Already in May, I have heard that Long Range Planning had published a Special Issue on Business Models. Today, I got hands on it thanks to Andres Sundelin from The Business Model DataBase.

You can access the article via as a guest. Very interesting topics like “Business Models as Models” by C. Baden-Fuller and M. Morgan or “Business Models, Business Strategy and Innovation” by D.J. Teece are included, so the Special Issue is definitely worthwhile reading.  That is the happy part of the Special Issue.

C. Baden-Fuller, M. Morgan, Henry Chesbrough and business model

What makes me sad about the issue is the closed and self-referential world of the academia in Strategy Research. The topic was broadly covered in early 2000 at least in two Ph.D. theses, I know. However, so far I have found only two citation to Alex Osterwalder’s work in the article “Business Model Innovation: Opportunities and Barriers” by Henry Chesbrough and in the article by Wirtz & al.. Thanks Henry, that you take your open innovation approach also your research. Thanks Bernd.

I hoped to find some background on Business Models in Baden-Fullers and Morgan’s article. Negative. They seemed to have not heard from Osterwalder before, they do not cite him. They are not mentioning ideas of Gary Hamel on business concept innovation from 2000, a concept very close to business model innovation. They cite only their own kind. They still live in their closed community where it is extremely important from whom the idea is coming, even when the original idea is 10 years old and not even cited. That is what I call a long latency!

Origin of business model thinking

The origin in business model thinking dates back to the information management researchers that were building information systems. To do so, they needed models of the reality. They talked about data models, process models, enterprise models and later about business models. When the first Internet entrepreneurs were talking about their strategy, they talked naturally about their business model since that was a language familiar to them. From there, the term transcended to Strategy. E.g., I wrote my Ph.D. thesis exactly at this crossing of information systems and strategy. My supervisors were Prof. Beat Schmid, background in computer science and Prof. Georg von Krogh, a strong researcher in Strategy. Quite a balancing act.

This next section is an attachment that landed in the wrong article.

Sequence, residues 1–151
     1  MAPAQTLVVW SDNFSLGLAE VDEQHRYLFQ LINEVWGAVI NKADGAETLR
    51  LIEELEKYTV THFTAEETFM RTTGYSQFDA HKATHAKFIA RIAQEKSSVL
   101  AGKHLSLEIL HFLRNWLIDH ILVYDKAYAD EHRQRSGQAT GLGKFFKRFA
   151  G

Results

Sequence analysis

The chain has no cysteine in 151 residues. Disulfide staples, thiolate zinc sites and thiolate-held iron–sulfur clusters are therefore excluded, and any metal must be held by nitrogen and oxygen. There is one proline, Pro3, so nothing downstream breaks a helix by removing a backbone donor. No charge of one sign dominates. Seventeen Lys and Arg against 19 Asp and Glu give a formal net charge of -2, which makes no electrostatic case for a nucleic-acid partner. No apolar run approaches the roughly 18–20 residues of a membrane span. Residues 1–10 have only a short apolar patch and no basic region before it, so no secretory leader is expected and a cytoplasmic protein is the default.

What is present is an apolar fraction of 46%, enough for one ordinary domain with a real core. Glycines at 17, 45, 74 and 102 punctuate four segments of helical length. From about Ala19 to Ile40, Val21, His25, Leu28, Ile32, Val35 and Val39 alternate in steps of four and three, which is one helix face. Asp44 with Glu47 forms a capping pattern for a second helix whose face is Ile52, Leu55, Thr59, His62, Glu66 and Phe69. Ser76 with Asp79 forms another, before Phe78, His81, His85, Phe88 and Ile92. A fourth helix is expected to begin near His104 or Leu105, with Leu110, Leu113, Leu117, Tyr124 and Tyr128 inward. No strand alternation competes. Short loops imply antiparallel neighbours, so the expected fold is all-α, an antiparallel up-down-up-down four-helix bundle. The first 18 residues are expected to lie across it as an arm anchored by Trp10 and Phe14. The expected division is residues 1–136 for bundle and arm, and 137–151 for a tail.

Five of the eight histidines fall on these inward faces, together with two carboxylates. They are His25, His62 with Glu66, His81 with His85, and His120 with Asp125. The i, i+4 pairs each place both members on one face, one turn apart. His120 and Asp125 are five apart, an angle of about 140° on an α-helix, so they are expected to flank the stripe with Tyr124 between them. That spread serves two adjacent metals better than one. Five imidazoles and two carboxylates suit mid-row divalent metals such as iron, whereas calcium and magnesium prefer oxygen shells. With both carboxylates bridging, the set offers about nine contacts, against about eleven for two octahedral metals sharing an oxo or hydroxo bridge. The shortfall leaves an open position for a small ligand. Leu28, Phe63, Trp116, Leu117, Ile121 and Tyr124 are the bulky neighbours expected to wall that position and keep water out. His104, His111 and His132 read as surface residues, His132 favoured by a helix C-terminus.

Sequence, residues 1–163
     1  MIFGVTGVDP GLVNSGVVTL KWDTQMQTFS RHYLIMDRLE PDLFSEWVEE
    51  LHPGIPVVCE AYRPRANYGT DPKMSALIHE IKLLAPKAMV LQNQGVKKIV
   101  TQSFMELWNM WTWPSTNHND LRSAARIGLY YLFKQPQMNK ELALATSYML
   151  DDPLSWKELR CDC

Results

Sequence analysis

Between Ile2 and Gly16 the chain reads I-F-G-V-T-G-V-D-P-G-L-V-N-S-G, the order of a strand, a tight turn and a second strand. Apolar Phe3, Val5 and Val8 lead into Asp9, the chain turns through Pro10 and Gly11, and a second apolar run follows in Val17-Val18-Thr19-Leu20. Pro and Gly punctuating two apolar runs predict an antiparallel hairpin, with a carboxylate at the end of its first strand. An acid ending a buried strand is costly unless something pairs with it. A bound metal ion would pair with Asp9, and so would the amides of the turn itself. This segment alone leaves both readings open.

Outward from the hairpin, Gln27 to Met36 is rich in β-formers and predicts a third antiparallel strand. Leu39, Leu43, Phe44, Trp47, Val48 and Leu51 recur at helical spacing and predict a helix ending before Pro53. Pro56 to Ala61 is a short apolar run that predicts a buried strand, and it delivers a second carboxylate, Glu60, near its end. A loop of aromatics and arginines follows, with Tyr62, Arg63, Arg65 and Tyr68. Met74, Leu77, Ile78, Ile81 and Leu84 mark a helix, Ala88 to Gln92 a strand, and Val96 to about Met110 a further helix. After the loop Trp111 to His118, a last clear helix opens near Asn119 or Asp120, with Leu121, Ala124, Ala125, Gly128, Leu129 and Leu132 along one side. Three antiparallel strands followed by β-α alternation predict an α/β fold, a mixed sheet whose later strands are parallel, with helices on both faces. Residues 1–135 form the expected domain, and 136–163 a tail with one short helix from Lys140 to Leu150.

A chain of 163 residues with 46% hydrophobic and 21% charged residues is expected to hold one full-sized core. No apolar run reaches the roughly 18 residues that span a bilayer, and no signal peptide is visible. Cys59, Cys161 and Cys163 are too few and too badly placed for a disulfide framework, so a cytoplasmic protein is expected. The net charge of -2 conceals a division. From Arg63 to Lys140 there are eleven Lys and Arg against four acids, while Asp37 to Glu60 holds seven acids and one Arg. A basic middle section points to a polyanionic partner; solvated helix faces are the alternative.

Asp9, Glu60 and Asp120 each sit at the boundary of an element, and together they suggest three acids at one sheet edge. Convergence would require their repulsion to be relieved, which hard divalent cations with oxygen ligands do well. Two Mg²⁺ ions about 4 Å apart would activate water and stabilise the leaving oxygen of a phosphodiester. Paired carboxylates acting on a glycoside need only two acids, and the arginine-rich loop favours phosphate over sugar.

Business model is just a model of a business

When I was writing from 1997 to 2000 my Ph.D. thesis, Prof. von Grogh told me that I needed a unit of analysis for my research. I know the traditional culprits like industry or firm but they did not fit into what we saw in the New Economy. Industry boarders become meaningless; competition came from competitors you had not even heard before.

Therefore, my answer to Georg was very simple: I used the business model as my unit of analysis. He said fine. Just define it. Well, easy said difficult done. I was positive at the beginning that there must be something since we all got Masters of Business Administration so Business should be defined. Nope. Not really.

And again, it was Peter Drucker who had worked on this. He asked the simple questions “What business are you in?” and “What is the purpose of a business”.  And this is exactly what a business model should answer when used for.

[If you want to know something about the origins of business model thinking and my contribution to the topic read chapter two of my Ph.D. from summer 2001 at Google Books. I translated part of that chapter for a workshop Prof. Yves Pigneur and Alexander Osterwalder (a German speaker) organized in summer 2002, when they started their research on business models. (added Jan. 5th, 2017)]

Chesbrough and Rosenbloom (2002) explain the antecedents to the business model concept in their article “The Role of the Business Model in Capturing Value from Innovation: Evidence from Xerox Corporation’s Technology Spinoff Companies”. It is interesting that it was not the academic world that saw the necessity to have the business in focus for strategy but the real world. The business is where the competition is. Welcome to the real world.